As the stay at home order continues here in the state of North Carolina, many people are questioning how to gain momentum with their time. Others may be facing a surge of anxiety as a result of multiple factors. And finally, others may be struggling with addiction issues that are exacerbated by the pandemic. Collectively, we all share in the sense of feeling disconnected from our pre-COVID 19 experience. Nonetheless, we can stay relationally connected in meaningful ways as we remain at home; my colleagues at the Center for Family Transformation (CFT) have written several blog posts about this topic over the past few weeks. If we can be intentional with our time and the way we connect with others, we might experience joy and be capable of sharing that joy with others. This begins with a wholehearted living mindset. We must first care for our whole self to be life giving to others. 

Today’s blog post will be about cultivating daily guideposts to wholehearted living. For our purposes, wholehearted living might also be known as self-compassion.  Self compassion is when we release what weighs us down and embrace the present experience we are having in this pandemic. Dr. Brene Brown1 says, “wholeheartedness is like a north star. You can never get there. But you know when you’re heading the right way.” To cultivate wholeheartedness is to create something positive from our circumstances by putting our metaphorical oars in the waters of life and rowing our boats. In order to do that, we must detach our anchors (those things connecting us to habits and mindsets from the past) to make effective progress when rowing. In my experience as a counselor, this can only be done through regular self-compassion. I believe there are two major elements to this, which I’ll describe in more detail below.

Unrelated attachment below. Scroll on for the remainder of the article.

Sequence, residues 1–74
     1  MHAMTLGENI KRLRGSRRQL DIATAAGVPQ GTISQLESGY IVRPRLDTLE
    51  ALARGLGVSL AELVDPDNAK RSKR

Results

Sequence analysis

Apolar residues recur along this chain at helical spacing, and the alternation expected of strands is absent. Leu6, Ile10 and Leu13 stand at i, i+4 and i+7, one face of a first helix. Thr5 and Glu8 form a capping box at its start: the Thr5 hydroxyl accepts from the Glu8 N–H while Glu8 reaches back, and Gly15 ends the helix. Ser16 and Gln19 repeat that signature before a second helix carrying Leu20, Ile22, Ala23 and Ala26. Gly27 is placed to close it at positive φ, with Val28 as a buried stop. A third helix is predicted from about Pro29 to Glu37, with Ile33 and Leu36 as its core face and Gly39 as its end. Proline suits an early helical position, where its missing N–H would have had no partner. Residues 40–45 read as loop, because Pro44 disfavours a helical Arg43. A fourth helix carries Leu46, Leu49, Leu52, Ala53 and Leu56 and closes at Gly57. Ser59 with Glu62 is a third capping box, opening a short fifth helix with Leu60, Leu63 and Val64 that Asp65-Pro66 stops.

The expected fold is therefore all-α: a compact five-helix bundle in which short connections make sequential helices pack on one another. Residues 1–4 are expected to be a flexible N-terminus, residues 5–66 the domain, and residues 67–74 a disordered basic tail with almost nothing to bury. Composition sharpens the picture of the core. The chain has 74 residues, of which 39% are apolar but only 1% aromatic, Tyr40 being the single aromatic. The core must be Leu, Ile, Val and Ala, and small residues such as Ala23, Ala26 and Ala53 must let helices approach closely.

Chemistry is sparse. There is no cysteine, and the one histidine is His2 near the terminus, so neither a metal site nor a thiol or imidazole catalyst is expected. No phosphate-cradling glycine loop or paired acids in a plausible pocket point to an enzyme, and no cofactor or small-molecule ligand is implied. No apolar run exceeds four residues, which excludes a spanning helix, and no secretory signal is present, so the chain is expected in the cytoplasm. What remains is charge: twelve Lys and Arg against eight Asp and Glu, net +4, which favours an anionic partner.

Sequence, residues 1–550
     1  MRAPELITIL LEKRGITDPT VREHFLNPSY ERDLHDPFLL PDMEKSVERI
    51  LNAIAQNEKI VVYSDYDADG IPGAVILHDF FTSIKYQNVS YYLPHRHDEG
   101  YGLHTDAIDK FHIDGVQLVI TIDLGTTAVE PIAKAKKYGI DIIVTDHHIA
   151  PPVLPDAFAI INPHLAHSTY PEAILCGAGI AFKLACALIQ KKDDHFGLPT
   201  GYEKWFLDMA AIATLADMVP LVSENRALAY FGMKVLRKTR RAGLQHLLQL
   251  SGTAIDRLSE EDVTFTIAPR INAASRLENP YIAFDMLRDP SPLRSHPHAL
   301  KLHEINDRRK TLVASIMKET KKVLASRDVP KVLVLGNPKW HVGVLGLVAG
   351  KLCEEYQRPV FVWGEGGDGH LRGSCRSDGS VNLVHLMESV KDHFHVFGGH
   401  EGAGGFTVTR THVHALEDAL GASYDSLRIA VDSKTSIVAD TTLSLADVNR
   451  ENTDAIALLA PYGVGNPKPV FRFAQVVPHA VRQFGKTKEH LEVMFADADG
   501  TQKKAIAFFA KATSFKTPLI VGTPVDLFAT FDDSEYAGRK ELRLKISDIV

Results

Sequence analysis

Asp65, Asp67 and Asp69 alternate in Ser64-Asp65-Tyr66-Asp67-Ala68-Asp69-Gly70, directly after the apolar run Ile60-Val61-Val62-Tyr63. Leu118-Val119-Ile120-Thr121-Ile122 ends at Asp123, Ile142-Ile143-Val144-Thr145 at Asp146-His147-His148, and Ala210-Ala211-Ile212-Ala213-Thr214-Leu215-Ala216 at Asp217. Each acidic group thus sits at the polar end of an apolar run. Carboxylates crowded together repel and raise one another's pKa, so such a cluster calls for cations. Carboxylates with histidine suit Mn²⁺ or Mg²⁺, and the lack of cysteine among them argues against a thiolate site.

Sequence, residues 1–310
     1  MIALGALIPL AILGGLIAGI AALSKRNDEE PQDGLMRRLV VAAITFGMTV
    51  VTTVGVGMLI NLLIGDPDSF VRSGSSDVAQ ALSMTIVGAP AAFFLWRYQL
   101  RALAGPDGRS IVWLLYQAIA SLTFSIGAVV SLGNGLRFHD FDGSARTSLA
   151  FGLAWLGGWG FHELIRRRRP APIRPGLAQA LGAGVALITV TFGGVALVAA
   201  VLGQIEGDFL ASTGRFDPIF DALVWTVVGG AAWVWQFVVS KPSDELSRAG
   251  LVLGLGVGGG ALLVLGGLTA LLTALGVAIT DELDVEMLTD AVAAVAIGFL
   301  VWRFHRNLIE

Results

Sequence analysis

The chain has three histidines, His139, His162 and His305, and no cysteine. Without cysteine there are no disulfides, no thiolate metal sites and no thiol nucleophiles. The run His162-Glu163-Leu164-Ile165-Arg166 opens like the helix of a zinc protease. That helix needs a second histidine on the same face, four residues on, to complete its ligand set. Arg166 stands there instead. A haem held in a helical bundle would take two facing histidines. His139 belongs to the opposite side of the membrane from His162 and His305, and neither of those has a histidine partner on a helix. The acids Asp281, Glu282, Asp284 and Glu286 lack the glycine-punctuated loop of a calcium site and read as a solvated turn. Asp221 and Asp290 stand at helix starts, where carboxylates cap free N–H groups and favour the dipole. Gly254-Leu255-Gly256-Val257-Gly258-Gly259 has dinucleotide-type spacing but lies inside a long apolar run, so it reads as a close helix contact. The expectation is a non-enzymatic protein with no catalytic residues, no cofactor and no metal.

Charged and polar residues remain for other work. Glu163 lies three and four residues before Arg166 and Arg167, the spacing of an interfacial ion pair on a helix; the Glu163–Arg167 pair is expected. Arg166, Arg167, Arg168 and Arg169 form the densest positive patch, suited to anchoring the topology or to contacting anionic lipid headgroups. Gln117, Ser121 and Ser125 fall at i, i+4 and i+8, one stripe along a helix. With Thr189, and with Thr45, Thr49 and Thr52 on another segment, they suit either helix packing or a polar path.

Guidepost #1 – Managing expectations

The first step toward self-compassion is recognizing the common humanity we share amid such trying times. We are all struggling to understand the daily changes during COVID-19. During the uncertainty, you can practice being kind to yourself and managing your expectations. You will make mistakes in the midst of this; that is normal! Being gentle with yourself gives you the flexibility to be creative while you experience difficult emotions, something my colleague Kyle Ferlic recently wrote about on our site. Being gentle also means practicing mindfulness by allowing yourself to feel what you are feeling without ignoring, rejecting, or amplifying those emotions (which can cause a sense of stuckness). Acknowledging what is within you gives you the ability to control your feelings, which are always temporary. This will help you row your boat forward. Below, I outline a few mindfulness skills to use in this endeavor.